Among the pioneers of Idaho is Timothy Regan, of Boise, who came to the territory in 1864, and has since been largely instrumental in developing the rich mineral resources of the state. He is a native of Rochester, New York, born November 14, 1843, and is of Irish extraction. His parents, Morgan and Mary (Burk) Regan, were both natives of the Emerald Isle, whence they emigrated to the state of Maine, in 1831, bringing with them their two infant daughters. At a later date they removed to New York, thence to Chicago and afterward to Wisconsin, where the father secured a tract of land and industriously carried on agricultural pursuits until his death, which occurred in 1878, at the age of sixty-nine years. His wife, surviving him some time, departed this life in 1897, at the age of eighty-four years, in Wisconsin. They were devout members of the Catholic Church and were people of the highest respectability. Nine children were added to their family in America, of whom seven are still living, one being a resident of Boise, namely, Timothy. Philip, who for many years was a leading grocer of the city, died February 9, 1899.
Timothy Regan, whose name introduces this review, was educated in the public schools of Wisconsin, and was reared on his father’s farm, early becoming familiar with all the duties of field and meadow. When nineteen years of age he started out in life for himself. Leaving home, he made his way to New York, whence he sailed for California, going by way of the isthmus. After reaching the golden state he traveled by wagon to Humboldt, Nevada, and on to Silver City, Idaho, where he engaged in mining in the employ of others for a short time. He then engaged in teaming and in furnishing supplies to the miners. He also conducted a hotel, and as time passed his financial resources gradually increased. Having acquired some capital he invested his money in various mines and found this most profitable. He is regarded as an expert in his judgment of ore, and his knowledge in this particular, combined with sound judgment in all business transactions, has brought to him most gratifying success. He is the owner of the celebrated Oro Fino mine, from which were taken seventy tons of ore, that yielded eight hundred dollars to the ton. He also owns the Golden Chariot mine, and formerly owned a mine at De Lamar which he sold to the De Lamar Mining Company for eighty-seven thousand five hundred dollars. These mines all have seven thousand feet on one, or the mother, lode. He sold the Oro Fino mine to an English company for one hundred and fifty thousand dollars, but after making a large payment, this company, through mis-management, allowed it to revert to the original owner.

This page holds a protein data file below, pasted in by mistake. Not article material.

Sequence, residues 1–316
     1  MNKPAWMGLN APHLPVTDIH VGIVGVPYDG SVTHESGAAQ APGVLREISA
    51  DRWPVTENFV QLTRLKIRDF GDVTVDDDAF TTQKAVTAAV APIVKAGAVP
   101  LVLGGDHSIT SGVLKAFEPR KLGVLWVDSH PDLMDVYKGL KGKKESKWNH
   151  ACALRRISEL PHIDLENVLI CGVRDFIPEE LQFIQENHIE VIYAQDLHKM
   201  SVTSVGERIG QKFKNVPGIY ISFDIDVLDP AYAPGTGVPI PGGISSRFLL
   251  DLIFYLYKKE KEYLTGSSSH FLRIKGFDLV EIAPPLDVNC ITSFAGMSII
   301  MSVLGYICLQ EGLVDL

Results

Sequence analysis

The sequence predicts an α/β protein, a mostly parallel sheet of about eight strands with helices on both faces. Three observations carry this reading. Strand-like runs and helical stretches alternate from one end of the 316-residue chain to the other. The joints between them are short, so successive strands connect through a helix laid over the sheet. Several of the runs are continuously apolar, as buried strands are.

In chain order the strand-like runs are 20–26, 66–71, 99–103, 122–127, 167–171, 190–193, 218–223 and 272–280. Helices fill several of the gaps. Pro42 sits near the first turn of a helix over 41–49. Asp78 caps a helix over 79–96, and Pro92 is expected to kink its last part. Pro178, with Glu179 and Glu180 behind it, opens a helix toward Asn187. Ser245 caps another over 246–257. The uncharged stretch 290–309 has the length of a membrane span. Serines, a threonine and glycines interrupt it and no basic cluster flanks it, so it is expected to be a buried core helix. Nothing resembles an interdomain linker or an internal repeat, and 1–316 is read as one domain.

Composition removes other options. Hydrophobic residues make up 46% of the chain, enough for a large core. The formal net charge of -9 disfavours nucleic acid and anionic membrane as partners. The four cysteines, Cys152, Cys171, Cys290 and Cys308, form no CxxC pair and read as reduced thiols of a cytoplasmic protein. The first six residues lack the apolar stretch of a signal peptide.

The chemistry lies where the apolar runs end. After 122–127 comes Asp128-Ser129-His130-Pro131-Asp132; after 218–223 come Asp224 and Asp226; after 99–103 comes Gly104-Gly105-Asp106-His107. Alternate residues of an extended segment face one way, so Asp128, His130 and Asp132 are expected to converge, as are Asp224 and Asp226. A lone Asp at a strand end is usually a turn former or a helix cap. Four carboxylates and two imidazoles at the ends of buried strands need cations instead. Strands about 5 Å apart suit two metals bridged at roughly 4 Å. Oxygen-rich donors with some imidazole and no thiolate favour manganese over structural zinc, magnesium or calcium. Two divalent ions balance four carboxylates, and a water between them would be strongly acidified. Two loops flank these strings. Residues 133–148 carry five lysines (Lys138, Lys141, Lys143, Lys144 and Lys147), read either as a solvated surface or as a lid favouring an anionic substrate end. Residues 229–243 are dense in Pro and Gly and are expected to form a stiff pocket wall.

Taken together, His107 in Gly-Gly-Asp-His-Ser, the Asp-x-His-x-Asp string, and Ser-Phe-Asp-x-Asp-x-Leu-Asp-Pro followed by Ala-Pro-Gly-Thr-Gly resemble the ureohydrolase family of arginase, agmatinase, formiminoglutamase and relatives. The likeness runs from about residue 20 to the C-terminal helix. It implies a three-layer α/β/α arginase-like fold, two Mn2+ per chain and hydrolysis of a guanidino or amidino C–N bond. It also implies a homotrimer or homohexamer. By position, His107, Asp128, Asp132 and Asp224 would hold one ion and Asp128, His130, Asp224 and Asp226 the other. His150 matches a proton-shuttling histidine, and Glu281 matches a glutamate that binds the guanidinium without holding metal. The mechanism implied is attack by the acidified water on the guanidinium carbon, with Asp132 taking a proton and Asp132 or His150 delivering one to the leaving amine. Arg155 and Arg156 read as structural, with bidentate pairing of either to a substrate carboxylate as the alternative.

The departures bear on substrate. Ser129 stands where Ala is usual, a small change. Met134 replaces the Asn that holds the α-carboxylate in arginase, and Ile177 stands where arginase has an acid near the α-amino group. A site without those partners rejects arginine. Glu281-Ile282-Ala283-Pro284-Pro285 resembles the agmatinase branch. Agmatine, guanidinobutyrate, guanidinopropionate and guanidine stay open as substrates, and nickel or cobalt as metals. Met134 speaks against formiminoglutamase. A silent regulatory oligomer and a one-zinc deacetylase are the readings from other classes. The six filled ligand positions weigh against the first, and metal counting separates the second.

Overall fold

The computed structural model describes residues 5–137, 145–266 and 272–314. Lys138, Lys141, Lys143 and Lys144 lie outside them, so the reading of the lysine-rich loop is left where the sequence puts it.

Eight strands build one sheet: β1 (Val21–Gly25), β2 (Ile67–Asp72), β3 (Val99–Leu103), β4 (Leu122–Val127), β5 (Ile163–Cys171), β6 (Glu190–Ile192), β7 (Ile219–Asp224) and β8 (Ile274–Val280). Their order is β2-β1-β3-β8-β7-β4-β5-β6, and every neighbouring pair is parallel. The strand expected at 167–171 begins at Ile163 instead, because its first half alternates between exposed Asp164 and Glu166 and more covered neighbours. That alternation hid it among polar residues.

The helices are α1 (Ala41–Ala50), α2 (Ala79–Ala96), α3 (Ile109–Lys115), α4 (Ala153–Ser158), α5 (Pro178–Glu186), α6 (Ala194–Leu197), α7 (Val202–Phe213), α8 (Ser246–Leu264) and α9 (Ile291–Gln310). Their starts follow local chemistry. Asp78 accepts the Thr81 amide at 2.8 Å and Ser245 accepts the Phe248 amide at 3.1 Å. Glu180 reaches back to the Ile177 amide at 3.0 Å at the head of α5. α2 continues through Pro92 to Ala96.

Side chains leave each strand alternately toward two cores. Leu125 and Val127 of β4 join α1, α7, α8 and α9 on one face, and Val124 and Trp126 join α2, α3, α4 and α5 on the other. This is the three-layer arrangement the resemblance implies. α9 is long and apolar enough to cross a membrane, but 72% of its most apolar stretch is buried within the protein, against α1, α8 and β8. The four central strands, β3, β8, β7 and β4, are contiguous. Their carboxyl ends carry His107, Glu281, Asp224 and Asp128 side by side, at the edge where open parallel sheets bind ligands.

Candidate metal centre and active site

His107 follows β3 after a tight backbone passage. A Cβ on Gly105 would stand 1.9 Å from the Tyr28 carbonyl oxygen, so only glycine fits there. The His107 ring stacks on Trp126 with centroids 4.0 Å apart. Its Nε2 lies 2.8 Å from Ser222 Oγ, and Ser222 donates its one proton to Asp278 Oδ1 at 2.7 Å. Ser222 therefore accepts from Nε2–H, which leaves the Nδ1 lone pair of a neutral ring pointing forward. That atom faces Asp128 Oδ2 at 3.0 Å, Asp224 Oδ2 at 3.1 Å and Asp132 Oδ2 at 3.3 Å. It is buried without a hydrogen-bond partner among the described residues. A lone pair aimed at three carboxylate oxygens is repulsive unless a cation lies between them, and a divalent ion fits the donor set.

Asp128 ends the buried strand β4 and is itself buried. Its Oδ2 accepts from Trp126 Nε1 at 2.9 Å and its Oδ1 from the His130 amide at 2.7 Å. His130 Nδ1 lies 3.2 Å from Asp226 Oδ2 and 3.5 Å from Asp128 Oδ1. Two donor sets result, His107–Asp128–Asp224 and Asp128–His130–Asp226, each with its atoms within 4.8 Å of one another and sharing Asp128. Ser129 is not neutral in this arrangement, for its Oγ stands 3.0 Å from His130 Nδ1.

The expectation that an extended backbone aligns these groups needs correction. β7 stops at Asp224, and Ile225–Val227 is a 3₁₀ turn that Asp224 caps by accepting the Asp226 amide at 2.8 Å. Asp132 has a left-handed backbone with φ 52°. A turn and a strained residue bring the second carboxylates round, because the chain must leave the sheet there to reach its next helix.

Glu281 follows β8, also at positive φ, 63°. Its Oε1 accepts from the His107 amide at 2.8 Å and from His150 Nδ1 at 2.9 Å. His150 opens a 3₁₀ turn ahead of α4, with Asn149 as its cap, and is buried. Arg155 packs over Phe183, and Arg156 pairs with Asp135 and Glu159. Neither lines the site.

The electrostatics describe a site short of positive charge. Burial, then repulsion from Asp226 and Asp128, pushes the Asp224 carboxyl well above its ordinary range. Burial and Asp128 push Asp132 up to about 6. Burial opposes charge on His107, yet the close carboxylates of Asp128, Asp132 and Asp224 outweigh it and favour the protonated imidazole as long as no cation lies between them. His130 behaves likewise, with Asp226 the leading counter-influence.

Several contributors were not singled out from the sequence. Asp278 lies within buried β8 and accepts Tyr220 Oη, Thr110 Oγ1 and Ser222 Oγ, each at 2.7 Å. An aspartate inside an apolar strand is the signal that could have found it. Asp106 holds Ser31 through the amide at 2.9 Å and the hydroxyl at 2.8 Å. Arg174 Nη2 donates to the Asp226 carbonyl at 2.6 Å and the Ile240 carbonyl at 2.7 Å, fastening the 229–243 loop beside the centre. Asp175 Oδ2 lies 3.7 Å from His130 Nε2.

As he has met with success in his mining ventures, Mr. Regan has extended his field of operations into other lines of business and has been the promoter of many industries, which have largely promoted the material interests of Boise. He was one of the organizers of the Hot and Cold Water Company, which supplies the city with both hot and cold water from artesian wells, many of the best buildings and residences being heated with this natural hot water. This enterprise has proved of great value to Boise, as have others with which Mr. Regan is connected. He is a stockholder and director of the Boise City National Bank, one of the strongest and best financial institutions in the state, now occupying a splendid bank building, which was erected by the company. He is a stockholder in the Weiser Land and Improvement Company and in many other enterprises, and his capable management and wise judgment in business affairs have proved of great benefit in the control of many of these interests.
In 1878 was celebrated the marriage of Mr. Regan and Miss Rose Blackinger, of Buffalo, New York, and to them have been born two sons, William and John, who are now attending college in Santa Clara, California. They have a beautiful home at the corner of Fourteenth and Bannock streets, surrounded with well kept grounds, tastefully adorned.
Mr. Regan is a member of the Masonic fraternity, having taken the first three degrees in Silver City Lodge, of which he is past master. He has also taken the royal arch and knight templar degrees, and now belongs to the lodge, chapter and commandery of Boise. In politics he is a stalwart Democrat, but has never sought the honors or emoluments of public office. preferring to devote his time and energies to his business interests, in which he has met with signal success. His life has been one of untiring activity, and has been crowned with a degree of prosperity attained by comparatively few men. He is of the highest type of a businessman, and none more than he deserves a fitting recognition among those whose hardy genius and splendid abilities have achieved results that are the wonder and admiration of all.